Leukemia - Chronic T-Cell Lymphocytic: Statistics

Approved by the Cancer.Net Editorial Board, 06/2014

ON THIS PAGE: You will find information about how many people are diagnosed with leukemia each year. Remember, survival rates depend on several factors. To see other pages, use the menu on the side of your screen.

This year, an estimated 54,270 people of all ages (30,900 men and boys and 23,370 women and girls) in the United States will be diagnosed with leukemia. Of these, an estimated 14,620 people (8,140 males and 6,480 females) will be diagnosed with CLL. It is estimated that 4,650 deaths (2,380 males and 1,820 females) from CLL will occur this year. T-cell leukemia is rare, and the number of people diagnosed each year is much lower.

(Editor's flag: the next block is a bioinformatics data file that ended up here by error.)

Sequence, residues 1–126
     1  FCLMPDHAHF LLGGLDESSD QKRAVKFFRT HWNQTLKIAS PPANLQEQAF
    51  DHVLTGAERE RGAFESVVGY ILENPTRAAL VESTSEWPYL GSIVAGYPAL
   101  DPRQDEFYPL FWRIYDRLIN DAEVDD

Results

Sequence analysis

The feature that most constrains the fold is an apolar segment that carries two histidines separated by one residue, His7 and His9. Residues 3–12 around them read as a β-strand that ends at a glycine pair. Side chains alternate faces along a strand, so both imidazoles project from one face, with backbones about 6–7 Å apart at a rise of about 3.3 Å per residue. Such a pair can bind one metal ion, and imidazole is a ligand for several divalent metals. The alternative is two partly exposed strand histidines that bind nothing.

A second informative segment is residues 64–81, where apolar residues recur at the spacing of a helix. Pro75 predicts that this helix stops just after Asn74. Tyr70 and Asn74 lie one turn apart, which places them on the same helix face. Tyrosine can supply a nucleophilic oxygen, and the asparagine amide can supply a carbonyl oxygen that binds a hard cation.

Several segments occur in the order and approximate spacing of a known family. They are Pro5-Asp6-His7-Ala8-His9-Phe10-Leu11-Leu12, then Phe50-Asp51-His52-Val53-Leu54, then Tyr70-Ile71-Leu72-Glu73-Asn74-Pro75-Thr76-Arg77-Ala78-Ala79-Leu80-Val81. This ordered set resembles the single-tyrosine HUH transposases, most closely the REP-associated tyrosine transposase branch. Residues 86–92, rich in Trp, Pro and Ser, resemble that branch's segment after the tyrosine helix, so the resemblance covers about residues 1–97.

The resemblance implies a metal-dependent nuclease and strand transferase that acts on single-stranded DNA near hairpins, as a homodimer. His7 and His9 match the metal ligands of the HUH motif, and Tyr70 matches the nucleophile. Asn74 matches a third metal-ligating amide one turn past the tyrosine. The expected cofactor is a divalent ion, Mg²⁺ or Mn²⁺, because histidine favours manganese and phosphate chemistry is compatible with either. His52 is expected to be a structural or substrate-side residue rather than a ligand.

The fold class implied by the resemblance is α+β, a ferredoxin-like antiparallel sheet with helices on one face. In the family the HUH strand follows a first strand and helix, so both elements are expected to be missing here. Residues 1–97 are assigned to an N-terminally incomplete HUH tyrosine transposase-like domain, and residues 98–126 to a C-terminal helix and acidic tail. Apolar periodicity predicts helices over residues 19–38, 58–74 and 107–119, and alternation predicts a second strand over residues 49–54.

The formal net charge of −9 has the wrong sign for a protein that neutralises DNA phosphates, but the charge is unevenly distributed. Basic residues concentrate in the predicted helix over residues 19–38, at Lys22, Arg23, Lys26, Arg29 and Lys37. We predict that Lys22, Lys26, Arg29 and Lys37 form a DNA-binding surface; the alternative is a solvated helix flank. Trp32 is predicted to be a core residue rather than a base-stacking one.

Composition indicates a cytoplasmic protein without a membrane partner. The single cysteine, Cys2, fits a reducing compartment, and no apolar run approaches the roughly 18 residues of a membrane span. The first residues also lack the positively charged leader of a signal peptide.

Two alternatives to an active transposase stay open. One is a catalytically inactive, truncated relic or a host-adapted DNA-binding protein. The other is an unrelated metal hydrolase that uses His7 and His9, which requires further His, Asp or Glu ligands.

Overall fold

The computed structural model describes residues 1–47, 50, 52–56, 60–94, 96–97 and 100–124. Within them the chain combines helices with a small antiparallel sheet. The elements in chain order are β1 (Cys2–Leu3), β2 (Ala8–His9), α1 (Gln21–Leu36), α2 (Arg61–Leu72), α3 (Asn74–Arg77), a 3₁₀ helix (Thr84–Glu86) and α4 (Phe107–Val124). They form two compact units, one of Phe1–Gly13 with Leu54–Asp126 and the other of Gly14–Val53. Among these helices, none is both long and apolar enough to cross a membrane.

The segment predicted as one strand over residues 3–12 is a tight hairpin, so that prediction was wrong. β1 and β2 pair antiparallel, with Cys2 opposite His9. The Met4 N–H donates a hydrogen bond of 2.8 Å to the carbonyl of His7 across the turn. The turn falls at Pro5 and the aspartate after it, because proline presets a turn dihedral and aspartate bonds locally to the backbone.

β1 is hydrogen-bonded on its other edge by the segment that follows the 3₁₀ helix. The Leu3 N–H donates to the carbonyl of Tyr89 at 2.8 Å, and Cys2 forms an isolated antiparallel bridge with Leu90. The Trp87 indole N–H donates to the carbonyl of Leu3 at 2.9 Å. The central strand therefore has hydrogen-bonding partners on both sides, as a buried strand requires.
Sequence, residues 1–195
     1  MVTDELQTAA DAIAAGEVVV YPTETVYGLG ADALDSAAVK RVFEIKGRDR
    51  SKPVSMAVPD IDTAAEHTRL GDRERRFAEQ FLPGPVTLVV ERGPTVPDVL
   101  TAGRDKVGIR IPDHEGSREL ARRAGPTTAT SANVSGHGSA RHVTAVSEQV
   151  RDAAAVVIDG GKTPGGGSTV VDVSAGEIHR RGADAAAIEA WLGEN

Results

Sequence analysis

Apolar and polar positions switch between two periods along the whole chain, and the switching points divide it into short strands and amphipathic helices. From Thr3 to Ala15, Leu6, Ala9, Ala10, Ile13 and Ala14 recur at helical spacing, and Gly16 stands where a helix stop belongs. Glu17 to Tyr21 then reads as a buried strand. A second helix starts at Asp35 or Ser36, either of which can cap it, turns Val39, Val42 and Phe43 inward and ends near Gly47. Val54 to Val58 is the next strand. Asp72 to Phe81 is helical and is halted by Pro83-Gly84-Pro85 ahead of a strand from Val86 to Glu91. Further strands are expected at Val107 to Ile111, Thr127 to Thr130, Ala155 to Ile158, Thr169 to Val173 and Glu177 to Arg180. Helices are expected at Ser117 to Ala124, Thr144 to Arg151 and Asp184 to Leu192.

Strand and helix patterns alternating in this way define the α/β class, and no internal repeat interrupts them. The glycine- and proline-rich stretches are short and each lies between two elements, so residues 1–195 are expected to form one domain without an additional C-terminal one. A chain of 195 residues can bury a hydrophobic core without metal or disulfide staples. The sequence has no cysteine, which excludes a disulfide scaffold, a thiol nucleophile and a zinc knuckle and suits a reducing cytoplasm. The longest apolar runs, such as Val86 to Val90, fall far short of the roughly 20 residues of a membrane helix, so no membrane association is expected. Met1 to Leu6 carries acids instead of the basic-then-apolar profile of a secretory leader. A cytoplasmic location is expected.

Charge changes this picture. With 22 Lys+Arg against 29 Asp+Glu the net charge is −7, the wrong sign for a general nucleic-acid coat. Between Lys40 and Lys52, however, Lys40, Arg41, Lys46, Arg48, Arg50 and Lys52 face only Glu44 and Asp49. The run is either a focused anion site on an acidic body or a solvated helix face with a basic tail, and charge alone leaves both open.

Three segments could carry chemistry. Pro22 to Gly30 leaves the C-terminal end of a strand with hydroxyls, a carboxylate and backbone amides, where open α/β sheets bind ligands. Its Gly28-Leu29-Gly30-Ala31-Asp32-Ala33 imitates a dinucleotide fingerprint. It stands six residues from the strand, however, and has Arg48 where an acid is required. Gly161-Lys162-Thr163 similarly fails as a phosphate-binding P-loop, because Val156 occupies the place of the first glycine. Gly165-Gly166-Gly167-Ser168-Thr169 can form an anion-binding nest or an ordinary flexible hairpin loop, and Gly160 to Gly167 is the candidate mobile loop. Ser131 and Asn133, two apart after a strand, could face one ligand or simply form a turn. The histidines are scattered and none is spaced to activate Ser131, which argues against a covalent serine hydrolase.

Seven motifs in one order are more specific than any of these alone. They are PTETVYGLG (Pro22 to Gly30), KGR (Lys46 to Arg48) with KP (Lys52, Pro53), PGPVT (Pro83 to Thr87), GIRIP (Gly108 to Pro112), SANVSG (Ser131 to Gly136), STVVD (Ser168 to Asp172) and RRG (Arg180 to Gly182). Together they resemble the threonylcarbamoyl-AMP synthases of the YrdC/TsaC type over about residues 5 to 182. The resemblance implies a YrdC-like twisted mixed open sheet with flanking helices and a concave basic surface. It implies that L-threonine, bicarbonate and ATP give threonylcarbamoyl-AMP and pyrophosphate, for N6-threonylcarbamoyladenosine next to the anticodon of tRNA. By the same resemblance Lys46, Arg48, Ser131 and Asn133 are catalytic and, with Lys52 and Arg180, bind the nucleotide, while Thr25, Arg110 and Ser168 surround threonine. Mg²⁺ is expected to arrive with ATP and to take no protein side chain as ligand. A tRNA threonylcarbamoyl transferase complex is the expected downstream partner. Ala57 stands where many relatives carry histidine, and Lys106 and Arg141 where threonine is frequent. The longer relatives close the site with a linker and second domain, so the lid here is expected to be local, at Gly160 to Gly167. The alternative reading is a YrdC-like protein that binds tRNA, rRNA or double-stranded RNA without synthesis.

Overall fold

Cancer statistics should be interpreted with caution. These estimates are based on data from thousands of people with this type of cancer in the United States each year, so the actual risk for a particular individual may be different. It is not possible to tell a person how long he or she will live with leukemia. Learn more about understanding statistics.

Statistics adapted from the American Cancer Society's publication, Cancer Facts and Figures 2015.

The next section in this guide is Risk Factors and it explains what factors may increase the chance of developing this disease. Or, use the menu on the side of your screen to choose another section to continue reading this guide.